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Earliest Mesoamerican Writing? Volume 56 Number 2, March/April 2003
by Colleen P. Popson

[image]Symbols on this Olmec seal are similar to later Mayan glyphs. (Christopher von Nagy) [LARGER IMAGE]

Recently found 2,650-year-old inscribed greenstone plaques and a ceramic cylinder seal at the Olmec site of San Andrés on the Gulf of Mexico have been touted as the earliest evidence for Mesoamerican writing. The artifacts, associated with an elite feast, were probably used for personal adornment, according to the project's lead researcher, Mary Pohl of Florida State University.

The cylinder seal depicts a bird, possibly representing a royal figure, with symbols emanating from its mouth that resemble later Mayan hieroglyphs. One of the symbols recalls the ajaw glyph, which is both a calendrical day name and the word for king. The San Andrés researchers believe these symbols represent words or ideas and reflect the first stages of logographic writing. "The Olmec," says Pohl, "were the first [in Mesoamerica] to have large urban centers with monumental architecture and sculpture. We believe these urban centers are evidence for an early state society and suggest that writing was closely associated with state formation and was a way of publicizing the king."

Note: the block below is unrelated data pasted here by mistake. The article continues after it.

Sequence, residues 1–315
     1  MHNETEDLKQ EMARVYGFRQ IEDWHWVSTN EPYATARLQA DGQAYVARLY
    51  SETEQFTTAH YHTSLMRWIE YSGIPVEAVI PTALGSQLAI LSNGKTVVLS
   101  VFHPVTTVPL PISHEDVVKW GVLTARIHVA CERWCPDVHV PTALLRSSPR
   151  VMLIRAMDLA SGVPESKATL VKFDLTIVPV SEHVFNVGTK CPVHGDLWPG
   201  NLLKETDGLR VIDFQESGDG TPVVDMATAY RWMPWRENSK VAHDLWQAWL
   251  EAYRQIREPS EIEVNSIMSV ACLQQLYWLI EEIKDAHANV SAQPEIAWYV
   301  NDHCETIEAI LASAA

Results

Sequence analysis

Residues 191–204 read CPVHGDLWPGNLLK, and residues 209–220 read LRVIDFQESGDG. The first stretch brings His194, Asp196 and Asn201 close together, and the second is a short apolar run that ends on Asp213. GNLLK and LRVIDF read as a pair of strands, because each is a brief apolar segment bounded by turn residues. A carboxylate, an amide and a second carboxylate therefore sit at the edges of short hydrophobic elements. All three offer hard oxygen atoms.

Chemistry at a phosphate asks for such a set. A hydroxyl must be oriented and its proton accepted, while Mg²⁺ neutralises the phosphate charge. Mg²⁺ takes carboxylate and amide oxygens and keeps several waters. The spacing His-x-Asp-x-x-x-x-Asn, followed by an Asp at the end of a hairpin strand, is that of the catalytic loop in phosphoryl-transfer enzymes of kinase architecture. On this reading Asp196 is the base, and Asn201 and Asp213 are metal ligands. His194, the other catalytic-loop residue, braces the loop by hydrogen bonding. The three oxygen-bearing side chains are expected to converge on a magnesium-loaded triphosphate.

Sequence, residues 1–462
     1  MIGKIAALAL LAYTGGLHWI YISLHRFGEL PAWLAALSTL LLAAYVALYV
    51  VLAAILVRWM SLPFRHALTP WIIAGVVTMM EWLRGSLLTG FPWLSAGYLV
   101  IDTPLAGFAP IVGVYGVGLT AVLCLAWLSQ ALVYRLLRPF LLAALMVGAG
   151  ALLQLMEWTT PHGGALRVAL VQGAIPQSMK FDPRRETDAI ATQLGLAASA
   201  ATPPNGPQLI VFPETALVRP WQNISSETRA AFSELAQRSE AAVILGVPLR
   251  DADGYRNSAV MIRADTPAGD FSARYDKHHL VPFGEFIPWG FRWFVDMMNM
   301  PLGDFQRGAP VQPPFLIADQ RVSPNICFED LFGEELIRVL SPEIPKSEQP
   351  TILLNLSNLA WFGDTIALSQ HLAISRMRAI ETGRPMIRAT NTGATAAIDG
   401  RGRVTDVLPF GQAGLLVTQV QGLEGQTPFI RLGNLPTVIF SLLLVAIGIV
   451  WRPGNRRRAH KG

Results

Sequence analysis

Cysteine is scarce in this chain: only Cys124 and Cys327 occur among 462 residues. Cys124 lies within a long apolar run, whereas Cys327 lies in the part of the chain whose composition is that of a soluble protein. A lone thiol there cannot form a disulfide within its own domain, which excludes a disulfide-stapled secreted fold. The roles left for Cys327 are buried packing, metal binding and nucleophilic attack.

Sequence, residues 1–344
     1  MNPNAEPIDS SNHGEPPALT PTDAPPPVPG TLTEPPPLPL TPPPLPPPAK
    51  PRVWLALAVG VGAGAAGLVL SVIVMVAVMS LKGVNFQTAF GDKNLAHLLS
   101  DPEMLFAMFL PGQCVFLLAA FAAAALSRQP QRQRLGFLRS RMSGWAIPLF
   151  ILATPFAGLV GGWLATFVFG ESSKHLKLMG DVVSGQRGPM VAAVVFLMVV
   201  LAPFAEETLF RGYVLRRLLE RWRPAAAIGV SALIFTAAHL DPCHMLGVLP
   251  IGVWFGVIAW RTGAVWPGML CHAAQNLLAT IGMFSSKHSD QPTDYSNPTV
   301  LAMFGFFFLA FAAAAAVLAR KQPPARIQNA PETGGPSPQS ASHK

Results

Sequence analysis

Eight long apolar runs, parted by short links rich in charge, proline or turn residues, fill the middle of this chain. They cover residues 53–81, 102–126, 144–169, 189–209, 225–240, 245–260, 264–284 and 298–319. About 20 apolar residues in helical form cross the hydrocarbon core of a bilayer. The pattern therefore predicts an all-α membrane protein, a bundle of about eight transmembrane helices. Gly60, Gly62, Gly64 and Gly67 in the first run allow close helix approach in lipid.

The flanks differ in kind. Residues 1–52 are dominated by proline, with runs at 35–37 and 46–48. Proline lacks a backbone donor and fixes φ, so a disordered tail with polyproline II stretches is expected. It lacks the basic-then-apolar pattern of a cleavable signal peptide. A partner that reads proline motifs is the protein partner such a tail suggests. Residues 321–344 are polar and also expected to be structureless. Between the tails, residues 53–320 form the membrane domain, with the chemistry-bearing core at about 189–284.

Distinguishing between symbols and writing in Mesoamerica is confusing because even the most developed later scripts incorporate symbols. "Most experts agree the Olmec created very complex symbols, often arranged in a complicated way," says Mesoamerican epigrapher Stephen Houston, "and it's reasonable that the Olmec would have been involved at a late date with the origins of writing, but this new 'evidence' isn't enough to prove that case. The elements coming from the bird's mouth are simply another example of the sophisticated iconography of the time."

Houston suggests that true writing should be separated from the image and should eventually independently represent the patterns of language. Further, he notes, the greenstone pieces are fragments and occur in isolation. "How is one to know what they're connected to?" he asks. "How does one evaluate their context?"

Pohl remains resolute. "It's logical that we would find a logographic stage of writing before we get full-blown texts and a syllabic system. It will be difficult to identify the transitions between stages of writing, but I'm confident that there's more evidence to be found."

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© 2003 by the Archaeological Institute of America
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